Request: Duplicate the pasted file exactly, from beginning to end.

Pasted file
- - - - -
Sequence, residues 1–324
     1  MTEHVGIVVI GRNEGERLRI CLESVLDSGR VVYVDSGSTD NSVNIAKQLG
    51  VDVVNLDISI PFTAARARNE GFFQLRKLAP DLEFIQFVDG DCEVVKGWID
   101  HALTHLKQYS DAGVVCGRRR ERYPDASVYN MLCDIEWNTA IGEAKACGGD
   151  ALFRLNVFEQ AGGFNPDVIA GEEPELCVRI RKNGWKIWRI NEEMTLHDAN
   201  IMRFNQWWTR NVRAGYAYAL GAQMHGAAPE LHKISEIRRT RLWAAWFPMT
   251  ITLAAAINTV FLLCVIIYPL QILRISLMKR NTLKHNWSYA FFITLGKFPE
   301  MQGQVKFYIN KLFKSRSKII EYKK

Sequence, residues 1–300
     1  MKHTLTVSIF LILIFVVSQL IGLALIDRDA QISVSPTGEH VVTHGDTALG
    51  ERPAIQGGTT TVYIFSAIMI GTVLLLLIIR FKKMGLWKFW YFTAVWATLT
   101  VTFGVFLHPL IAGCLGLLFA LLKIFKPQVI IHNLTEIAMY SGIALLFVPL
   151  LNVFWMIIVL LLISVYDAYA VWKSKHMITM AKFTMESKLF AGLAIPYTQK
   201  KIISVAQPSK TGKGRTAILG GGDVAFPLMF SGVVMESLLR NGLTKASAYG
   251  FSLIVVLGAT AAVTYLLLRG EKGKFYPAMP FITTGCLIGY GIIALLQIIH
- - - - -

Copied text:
Sequence, residues 1–324
     1  MTEHVGIVVI GRNEGERLRI CLESVLDSGR VVYVDSGSTD NSVNIAKQLG
    51  VDVVNLDISI PFTAARARNE GFFQLRKLAP DLEFIQFVDG DCEVVKGWID
   101  HALTHLKQYS DAGVVCGRRR ERYPDASVYN MLCDIEWNTA IGEAKACGGD
   151  ALFRLNVFEQ AGGFNPDVIA GEEPELCVRI RKNGWKIWRI NEEMTLHDAN
   201  IMRFNQWWTR NVRAGYAYAL GAQMHGAAPE LHKISEIRRT RLWAAWFPMT
   251  ITLAAAINTV FLLCVIIYPL QILRISLMKR NTLKHNWSYA FFITLGKFPE
   301  MQGQVKFYIN KLFKSRSKII EYKK

Sequence, residues 1–300
     1  MKHTLTVSIF LILIFVVSQL IGLALIDRDA QISVSPTGEH VVTHGDTALG
    51  ERPAIQGGTT TVYIFSAIMI GTVLLLLIIR FKKMGLWKFW YFTAVWATLT
   101  VTFGVFLHPL IAGCLGLLFA LLKIFKPQVI IHNLTEIAMY SGIALLFVPL
   151  LNVFWMIIVL LLISVYDAYA VWKSKHMITM AKFTMESKLF AGLAIPYTQK
   201  KIISVAQPSK TGKGRTAILG GGDVAFPLMF SGVVMESLLR NGLTKASAYG
   251  FSLIVVLGAT AAVTYLLLRG EKGKFYPAMP FITTGCLIGY GIIALLQIIH